Mother Earth Living

Herb to Know: Meadowsweet

Have a bad stomachache? Reach for meadowsweet to relieve the pain.
By Anita B. Stone
August/September 2006
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Rick Wetherbee


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Genus: Filipendula ulmaria

• Hardy to Zone 2

Meadowsweet is an appealing herb in many ways: In the garden, it gives off a pleasant wintergreen and sweet almond fragrance, and its wrinkled, dark-green leaves with 3-foot reddish stalks delight the senses. But the herb is probably best known for its chemical components, which have made it popular throughout history as a remedy for aches and fever.

Meadowsweet was the key headache-busting ingredient from which aspirin was synthesized; Bayer Pharma-ceuticals used dried meadowsweet leaves for its original methyl salicylic acid formulation. In Colonial times, meadowsweet was used as an anti-inflammatory to reduce the symptoms of arthritis and rheumatism. And, because the herb is gentle on the stomach, it also was used to treat stomach upsets, feverish colds, diarrhea and heartburn. Meadowsweet belongs to the rose family (Rosaceae), and was Queen Elizabeth I’s favorite strewing herb. The 16th-century herbalist Gerard believed it outranked all other strewing herbs because its aromatic leaves didn’t cause headaches, unlike many other strongly scented leaves. Meadowsweet’s popularity as a strewing herb at weddings earned it its alternate name, bridewort.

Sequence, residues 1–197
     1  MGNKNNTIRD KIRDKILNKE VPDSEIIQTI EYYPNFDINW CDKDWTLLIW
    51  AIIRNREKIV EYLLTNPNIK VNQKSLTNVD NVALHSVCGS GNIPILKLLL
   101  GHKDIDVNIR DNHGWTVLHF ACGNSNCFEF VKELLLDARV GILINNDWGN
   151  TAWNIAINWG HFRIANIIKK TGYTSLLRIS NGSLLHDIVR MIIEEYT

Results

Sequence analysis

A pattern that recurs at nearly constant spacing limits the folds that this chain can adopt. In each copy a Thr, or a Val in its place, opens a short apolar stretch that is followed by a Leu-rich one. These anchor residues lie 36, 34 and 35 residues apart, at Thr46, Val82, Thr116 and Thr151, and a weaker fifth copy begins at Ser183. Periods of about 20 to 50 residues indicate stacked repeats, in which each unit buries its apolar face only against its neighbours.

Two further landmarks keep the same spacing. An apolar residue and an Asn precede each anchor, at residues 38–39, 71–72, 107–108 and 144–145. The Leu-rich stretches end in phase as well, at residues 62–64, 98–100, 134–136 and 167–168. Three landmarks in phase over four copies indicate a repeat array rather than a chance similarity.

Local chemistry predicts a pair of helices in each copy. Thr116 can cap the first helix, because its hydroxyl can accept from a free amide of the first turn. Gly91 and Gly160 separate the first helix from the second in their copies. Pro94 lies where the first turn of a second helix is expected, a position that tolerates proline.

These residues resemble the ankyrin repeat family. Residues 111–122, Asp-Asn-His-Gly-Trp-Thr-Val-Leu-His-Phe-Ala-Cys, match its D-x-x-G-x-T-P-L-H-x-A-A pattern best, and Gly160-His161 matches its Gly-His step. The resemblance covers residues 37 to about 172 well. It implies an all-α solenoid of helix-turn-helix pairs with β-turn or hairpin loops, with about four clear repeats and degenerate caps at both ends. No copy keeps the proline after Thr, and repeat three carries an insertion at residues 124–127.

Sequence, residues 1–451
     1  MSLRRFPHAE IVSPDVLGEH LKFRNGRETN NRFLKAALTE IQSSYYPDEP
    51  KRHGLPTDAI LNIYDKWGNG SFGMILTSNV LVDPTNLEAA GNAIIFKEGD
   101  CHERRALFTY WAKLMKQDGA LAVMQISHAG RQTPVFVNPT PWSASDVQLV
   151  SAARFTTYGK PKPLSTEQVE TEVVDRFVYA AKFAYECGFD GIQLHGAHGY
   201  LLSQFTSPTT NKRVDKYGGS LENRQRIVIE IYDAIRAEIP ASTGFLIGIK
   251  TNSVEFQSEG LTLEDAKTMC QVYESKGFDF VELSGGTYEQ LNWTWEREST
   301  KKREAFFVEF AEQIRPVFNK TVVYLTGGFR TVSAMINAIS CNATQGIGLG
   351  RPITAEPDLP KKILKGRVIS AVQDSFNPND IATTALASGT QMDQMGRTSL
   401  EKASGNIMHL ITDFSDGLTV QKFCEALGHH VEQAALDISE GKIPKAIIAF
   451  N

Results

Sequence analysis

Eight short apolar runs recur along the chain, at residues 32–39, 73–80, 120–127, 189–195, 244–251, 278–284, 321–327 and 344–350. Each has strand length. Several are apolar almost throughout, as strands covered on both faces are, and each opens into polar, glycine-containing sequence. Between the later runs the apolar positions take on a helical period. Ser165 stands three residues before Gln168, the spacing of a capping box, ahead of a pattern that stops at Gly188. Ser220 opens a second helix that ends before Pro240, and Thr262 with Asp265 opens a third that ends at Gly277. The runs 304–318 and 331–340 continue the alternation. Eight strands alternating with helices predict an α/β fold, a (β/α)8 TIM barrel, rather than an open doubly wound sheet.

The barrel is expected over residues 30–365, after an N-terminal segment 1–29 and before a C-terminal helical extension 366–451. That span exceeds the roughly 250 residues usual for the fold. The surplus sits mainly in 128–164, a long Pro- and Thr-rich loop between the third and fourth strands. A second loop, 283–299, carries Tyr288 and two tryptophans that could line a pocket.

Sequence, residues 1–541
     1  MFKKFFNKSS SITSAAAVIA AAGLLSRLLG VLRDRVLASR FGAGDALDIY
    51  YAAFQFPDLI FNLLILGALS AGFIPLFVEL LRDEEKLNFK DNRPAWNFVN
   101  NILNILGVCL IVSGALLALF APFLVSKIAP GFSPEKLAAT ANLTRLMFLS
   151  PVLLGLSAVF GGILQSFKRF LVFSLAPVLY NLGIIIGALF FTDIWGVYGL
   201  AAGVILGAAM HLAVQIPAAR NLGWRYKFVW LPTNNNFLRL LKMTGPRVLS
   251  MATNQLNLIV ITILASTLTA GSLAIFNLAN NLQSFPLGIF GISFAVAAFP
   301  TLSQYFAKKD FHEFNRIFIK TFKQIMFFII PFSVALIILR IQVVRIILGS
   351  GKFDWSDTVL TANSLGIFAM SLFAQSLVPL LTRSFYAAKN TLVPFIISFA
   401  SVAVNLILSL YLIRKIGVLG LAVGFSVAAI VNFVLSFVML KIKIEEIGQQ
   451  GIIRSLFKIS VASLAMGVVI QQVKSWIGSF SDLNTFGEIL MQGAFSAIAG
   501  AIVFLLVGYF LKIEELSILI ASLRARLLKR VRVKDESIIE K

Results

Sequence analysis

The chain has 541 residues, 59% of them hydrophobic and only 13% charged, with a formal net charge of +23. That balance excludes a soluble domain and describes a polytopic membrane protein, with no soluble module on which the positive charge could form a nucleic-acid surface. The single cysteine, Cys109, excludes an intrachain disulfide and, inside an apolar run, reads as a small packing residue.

And throughout history, meadowsweet has maintained its usefulness in the home. Housewives used the plant in their cleaning routine, drying clusters of tiny white florets and placing them on the floor and in cabinets to mask unpleasant odors. Cooks used the herb to flavor beers, meads and wines and added it to soups for an interesting almond flavor. As a cosmetic, it was soaked in rainwater and used as astringent and skin conditioner.

This European native perennial grows in many parts of the world, including North America, where it is appreciated more for its medicinal uses than as a garden plant.

Plants grown in organically enriched, well-watered soil will produce a healthy rhizome. Meadowsweet is a good candidate to grow in moist meadows or near bodies of water, where the herb blooms from June through August. And while the versatile herb can grow in full or partial sun, in boggy soil where summers are cool, or in latitudes where summers are warm to hot, meadowsweet does require some attention. It reacts well to heavy compost at least once each season. And if leaves become tattered in the summer, severely prune them and keep soil moist until new leaves emerge.

Use fresh leaves to flavor sorbets and fruit salads. You can infuse the flower to make a mild diuretic tea. Meadowsweet has a sharp flavor, somewhat like burnet, so you can drop a leaf into a cup of claret wine and enjoy the bite it offers. When making tea, cover the brew and let it steep to bring out the salicylic acid before serving to guests. No one will leave with a headache.








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